Mulvaney’s statements skirted along the edges of an admission of a preconceived extortion plot, but left enough ambiguity to fall short of conclusive proof. His statements about Ukrainian corruption and Trump’s obsession with other countries paying their fair share align well with Republican anti-impeachment arguments. And his insistence that the lookback to the 2016 election was related to a larger issue of corruption in the Ukraine, and had nothing to do with the Bidens, makes his press conference, however ugly, insufficient to definitively blow up the GOP’s narrative about what Trump had in mind when he froze the aid.

Also, Mulvaney almost immediately backed away from what he said at that press conference. And, most importantly, Mulvaney isn’t Trump.

Which brings us to another problem with focusing on the initial decision, rather than the later activities: Knowing how Trump makes impulsive decisions without process or expert advice, there may be only one person who has first-hand knowledge about what Trump was thinking when he froze Ukraine’s aid.

And that’s Trump himself.

By contrast, the implementation of Trump’s conditions for releasing the aid necessarily required participation by numerous career officials who have no political axe to grind.

Long story short: Whereas evidence of the origin story may be confined to a single hostile witness, there will be no shortage of credible post-freeze witnesses.

All of this means that there is nothing to be gained by Democrats framing the debate in terms of Trump’s initial intentions and motivations. At best, this will lead to a stalemate. And whatever the burden of proof is for impeachment, a stalemate doesn’t clear the bar.

A better approach would be to concede that while there may be room for debate about Trump’s initial motivations, there is no doubt that he later tumbled onto the idea that he could achieve a personal political benefit by conditioning the release of the aid on a public announcement that Ukraine was investigating his political rival.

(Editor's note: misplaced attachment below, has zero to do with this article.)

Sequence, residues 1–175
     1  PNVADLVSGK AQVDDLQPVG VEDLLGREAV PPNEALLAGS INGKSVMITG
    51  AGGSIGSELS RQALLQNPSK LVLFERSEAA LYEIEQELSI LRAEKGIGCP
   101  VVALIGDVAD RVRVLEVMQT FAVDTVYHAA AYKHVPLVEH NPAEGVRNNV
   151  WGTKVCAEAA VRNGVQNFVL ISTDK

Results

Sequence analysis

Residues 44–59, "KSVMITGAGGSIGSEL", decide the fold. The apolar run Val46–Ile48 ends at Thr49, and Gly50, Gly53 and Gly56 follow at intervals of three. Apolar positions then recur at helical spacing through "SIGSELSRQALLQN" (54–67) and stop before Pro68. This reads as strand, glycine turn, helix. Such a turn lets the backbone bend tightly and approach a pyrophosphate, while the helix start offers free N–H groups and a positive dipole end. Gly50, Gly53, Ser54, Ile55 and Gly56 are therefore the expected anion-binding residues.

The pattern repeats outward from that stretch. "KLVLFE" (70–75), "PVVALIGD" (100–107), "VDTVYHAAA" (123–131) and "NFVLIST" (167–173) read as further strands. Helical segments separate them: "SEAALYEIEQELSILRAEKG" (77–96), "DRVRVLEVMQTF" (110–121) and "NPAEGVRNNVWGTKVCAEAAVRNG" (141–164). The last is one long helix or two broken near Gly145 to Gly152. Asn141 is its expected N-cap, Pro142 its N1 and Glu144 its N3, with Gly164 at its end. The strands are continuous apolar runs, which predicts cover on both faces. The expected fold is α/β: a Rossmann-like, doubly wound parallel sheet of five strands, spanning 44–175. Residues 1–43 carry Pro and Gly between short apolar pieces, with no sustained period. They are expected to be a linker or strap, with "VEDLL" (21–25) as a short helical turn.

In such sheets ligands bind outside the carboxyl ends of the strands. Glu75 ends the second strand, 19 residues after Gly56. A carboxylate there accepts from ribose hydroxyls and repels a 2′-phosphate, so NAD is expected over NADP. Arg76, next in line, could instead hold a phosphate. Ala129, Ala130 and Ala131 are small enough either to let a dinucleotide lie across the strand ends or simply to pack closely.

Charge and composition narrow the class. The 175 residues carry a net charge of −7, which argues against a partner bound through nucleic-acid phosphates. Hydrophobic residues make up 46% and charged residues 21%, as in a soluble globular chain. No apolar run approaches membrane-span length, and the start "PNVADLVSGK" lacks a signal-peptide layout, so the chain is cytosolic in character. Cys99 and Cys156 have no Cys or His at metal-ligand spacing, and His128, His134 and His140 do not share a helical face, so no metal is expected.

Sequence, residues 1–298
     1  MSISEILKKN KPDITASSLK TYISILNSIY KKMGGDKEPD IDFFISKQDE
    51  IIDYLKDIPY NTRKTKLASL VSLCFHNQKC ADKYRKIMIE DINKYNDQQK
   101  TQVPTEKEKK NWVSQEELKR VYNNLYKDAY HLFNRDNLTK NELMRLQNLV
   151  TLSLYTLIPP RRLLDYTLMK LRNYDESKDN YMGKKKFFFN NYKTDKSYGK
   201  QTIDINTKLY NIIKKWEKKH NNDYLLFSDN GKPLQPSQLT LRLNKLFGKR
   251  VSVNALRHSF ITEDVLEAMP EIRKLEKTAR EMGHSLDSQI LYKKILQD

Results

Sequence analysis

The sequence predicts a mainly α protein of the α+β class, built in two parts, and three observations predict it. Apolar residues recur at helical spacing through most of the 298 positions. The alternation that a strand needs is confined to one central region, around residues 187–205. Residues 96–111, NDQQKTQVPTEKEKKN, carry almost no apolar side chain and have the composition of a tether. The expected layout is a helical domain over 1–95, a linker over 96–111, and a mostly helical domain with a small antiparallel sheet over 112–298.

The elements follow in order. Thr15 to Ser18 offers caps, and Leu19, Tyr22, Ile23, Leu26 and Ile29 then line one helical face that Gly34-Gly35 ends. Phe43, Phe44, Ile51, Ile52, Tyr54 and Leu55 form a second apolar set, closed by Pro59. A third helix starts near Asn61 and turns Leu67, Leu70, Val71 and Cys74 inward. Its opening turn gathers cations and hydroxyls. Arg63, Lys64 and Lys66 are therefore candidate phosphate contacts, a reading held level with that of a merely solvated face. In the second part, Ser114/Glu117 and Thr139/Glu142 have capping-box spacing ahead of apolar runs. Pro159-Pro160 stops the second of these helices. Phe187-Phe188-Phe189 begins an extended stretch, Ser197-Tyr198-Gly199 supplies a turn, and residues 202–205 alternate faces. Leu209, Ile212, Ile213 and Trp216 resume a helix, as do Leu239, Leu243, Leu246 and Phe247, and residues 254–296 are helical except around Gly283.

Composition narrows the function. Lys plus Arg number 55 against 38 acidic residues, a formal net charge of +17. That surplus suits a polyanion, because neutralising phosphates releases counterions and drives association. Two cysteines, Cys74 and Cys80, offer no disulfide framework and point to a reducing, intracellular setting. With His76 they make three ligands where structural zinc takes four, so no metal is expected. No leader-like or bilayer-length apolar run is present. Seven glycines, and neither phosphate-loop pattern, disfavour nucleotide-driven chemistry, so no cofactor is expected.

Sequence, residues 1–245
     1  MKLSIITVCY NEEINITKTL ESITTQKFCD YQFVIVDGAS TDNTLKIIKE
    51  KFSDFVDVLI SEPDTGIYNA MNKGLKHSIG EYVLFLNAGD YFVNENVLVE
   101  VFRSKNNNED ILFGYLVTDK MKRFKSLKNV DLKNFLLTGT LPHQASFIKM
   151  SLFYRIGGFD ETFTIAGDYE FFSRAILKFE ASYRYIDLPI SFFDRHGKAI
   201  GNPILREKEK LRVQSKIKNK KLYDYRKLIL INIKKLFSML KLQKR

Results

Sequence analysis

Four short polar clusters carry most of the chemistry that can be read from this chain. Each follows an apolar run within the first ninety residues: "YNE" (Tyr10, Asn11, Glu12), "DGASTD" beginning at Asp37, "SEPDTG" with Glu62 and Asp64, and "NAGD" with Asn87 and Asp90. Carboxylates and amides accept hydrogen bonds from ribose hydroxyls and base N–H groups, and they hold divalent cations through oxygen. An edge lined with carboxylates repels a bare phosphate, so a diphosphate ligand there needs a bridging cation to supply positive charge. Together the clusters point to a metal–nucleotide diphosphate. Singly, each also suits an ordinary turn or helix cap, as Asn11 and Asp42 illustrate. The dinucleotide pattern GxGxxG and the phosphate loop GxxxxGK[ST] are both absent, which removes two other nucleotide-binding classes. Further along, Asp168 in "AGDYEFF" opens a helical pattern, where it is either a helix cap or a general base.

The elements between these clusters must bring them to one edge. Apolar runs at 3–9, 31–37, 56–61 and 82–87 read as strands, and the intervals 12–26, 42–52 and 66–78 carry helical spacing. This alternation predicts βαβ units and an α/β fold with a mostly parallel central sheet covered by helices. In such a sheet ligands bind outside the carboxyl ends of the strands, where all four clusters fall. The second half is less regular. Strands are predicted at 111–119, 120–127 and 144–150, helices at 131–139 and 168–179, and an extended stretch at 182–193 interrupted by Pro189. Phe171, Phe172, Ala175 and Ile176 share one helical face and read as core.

By taking the question of initial motivation off the table and focusing on what came later, the pro-impeachment forces would not have to overstate the importance of Mulvaney’s press conference. Instead, they could rely a mountain of credible testimony about what happened after the freeze was put in place from the likes of William Taylor, Alexander Vindman, Jennifer Williams, Gordon Sondland, Kurt Volker, David Holmes, and Fiona Hill.

Not only that, but focusing on post-freeze actions also elevates the importance of Trump’s own statements. The summary of Trump’s July 25 phone call with Ukrainian President Zelensky conclusively establishes that Trump requested Ukraine to investigate the Bidens. If there were any doubt about what Trump was asking Zelensky to do, it was erased when Trump stated unequivocally that what he wanted from Ukraine was “a major investigation into the Bidens.”

These statements were made by Trump in the context of the way things stood at the time of the July 25 phone call, not on his state of mind when he made the initial decision. There’s no reason for Democrats to tie themselves in knots trying push back Trump’s guilty motives to an earlier date.

So forget about Trump’s initial state of mind. It doesn’t matter. Focus on the key facts:

(1) Trump withheld crucial military aid from Ukraine;

(2) Ukraine knew it;

(3) While the aid was being withheld, Trump asked Ukraine for a “favor”—investigations into the 2016 election and the Bidens;

(4) The request for investigations morphed into a demand for a public statement;

(5) Ukraine agreed to make the public announcement, was working with U.S. government officials on a script for the announcement, and was scheduled to deliver it in a CNN interview with Fareed Zakaria;

(6) Ukraine canceled the CNN interview only when Trump released the aid after the scheme was exposed by the whistleblower report.

Case closed.

There’s no need to get drawn into an irrelevant debate about why Trump froze the aid in the first place.

Philip Rotner

Philip Rotner is a columnist whose articles appear in national publications and on his website, Philip is an attorney who has practiced for over 40 years, both in private practice and as the general counsel of a global professional services firm.  Philip’s views are his own, and do not reflect the views of any organization with which he has been associated.